Introducing Kinmen

Kinmen (金門, Jīnmén), lying only 2km off the coast of mainland China, is an odd remnant from the bitter civil war between communist and Nationalist forces. Along with Matsu, Kinmen is a small chunk of Fujian province occupied by Republic of China (ROC) forces and administered from Taiwan. This once heavily guarded island now greatly appeals to military history buffs, but in fact, has something to offer to every visitor.

Well-restored villages dating from the Ming and Qing dynasties can still be found in Kinmen today; they retain an old world charm not found anywhere in the rest of Taiwan. Also, the pollution-free islands boast open fields, sandy beaches, thick forests, landscaped parks and artificial lakes that attract hundreds of species of migratory birds. Cyclists and twitchers will find paradise here.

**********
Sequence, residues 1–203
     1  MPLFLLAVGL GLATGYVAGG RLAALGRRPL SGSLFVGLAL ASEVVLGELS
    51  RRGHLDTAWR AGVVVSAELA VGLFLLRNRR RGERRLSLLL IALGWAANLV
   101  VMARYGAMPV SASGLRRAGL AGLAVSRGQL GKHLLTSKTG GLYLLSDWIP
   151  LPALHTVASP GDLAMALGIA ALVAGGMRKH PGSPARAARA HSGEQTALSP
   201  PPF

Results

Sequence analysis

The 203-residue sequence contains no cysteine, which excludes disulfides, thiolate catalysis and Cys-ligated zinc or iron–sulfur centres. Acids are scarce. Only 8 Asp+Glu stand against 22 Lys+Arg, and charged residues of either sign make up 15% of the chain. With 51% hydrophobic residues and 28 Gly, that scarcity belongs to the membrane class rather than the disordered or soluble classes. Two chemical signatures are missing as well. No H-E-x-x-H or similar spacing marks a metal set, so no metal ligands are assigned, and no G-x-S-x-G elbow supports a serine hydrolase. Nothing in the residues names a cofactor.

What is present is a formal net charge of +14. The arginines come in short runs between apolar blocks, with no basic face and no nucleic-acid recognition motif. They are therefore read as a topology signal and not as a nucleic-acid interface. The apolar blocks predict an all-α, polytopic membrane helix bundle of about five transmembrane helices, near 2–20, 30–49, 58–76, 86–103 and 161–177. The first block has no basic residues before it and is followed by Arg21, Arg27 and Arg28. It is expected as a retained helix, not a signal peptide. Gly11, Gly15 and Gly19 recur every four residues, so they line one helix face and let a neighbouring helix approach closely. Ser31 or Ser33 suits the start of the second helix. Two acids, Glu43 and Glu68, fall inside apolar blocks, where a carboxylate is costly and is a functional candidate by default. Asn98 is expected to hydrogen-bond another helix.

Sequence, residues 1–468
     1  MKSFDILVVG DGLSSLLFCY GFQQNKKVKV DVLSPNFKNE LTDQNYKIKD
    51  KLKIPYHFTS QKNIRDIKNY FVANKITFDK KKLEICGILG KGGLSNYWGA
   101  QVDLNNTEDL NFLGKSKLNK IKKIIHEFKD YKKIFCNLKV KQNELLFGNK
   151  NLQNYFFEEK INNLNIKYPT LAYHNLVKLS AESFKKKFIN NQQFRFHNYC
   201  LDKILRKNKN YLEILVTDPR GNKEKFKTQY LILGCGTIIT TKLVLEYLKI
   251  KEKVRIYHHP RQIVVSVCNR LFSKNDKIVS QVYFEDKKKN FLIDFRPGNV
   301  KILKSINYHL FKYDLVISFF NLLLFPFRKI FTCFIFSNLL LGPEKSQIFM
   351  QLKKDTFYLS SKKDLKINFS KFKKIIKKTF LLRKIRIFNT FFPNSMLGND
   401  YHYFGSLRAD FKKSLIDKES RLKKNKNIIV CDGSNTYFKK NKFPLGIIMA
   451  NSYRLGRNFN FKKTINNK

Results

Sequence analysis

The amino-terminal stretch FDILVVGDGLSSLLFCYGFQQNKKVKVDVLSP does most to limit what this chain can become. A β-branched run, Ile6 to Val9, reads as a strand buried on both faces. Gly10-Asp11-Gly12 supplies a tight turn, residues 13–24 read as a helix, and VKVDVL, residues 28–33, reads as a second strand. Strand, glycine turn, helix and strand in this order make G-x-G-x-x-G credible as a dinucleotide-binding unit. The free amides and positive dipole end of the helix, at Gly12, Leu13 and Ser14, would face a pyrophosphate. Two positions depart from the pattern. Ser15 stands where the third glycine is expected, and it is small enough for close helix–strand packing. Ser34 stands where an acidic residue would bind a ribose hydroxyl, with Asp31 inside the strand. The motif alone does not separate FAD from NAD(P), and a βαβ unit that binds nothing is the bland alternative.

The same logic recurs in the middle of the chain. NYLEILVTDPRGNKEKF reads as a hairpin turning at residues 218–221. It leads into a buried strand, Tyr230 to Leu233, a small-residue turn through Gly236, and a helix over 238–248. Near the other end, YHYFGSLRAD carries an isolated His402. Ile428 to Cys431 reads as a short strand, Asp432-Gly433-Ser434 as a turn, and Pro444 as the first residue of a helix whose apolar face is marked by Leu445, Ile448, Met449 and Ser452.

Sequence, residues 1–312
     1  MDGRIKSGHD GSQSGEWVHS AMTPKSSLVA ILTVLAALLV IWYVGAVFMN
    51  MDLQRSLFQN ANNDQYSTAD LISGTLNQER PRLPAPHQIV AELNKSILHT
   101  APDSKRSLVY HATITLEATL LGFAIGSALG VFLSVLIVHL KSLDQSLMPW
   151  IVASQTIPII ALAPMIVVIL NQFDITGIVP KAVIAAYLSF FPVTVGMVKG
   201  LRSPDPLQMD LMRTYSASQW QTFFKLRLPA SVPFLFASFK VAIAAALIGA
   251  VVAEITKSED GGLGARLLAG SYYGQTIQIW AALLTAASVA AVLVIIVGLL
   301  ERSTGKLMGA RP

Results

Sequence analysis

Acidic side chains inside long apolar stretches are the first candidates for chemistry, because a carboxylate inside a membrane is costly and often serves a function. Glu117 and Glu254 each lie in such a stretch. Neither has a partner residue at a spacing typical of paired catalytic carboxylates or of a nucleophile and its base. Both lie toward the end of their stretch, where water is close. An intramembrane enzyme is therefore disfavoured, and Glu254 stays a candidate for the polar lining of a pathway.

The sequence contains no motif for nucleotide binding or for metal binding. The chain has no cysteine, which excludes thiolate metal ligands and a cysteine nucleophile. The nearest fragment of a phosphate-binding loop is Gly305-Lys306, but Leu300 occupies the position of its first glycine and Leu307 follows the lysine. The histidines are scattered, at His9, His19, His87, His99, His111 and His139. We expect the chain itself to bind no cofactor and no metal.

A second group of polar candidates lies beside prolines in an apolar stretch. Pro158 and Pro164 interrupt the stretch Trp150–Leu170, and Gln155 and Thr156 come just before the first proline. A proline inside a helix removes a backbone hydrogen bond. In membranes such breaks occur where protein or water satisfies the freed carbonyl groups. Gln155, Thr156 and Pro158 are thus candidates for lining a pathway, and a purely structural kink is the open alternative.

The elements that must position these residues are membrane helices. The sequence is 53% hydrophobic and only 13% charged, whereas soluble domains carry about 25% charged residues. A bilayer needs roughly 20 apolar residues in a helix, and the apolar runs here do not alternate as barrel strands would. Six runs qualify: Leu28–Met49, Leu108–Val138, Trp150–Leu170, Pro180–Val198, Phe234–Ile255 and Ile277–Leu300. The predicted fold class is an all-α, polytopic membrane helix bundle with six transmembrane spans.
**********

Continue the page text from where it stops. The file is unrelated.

Kinmen is a fairly well-developed place. Roads double as runways (just in case!) so they are wide and well-maintained. Parks are everywhere, and in general the atmosphere is relaxed. But don't forget the fact that Kinmen remains a military outpost – restricted areas still exist.

Advertisement
Sponsored
Advertisement